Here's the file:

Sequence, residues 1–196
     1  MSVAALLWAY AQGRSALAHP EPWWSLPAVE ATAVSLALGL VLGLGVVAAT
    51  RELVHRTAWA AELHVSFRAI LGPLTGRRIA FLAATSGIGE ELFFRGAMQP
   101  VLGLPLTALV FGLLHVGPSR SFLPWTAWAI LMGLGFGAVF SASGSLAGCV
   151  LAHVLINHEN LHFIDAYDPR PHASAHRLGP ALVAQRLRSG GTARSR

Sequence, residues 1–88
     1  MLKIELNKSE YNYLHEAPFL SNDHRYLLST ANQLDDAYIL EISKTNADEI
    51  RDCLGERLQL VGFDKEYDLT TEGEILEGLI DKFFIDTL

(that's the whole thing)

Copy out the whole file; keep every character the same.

Sequence, residues 1–196
     1  MSVAALLWAY AQGRSALAHP EPWWSLPAVE ATAVSLALGL VLGLGVVAAT
    51  RELVHRTAWA AELHVSFRAI LGPLTGRRIA FLAATSGIGE ELFFRGAMQP
   101  VLGLPLTALV FGLLHVGPSR SFLPWTAWAI LMGLGFGAVF SASGSLAGCV
   151  LAHVLINHEN LHFIDAYDPR PHASAHRLGP ALVAQRLRSG GTARSR

Sequence, residues 1–88
     1  MLKIELNKSE YNYLHEAPFL SNDHRYLLST ANQLDDAYIL EISKTNADEI
    51  RDCLGERLQL VGFDKEYDLT TEGEILEGLI DKFFIDTL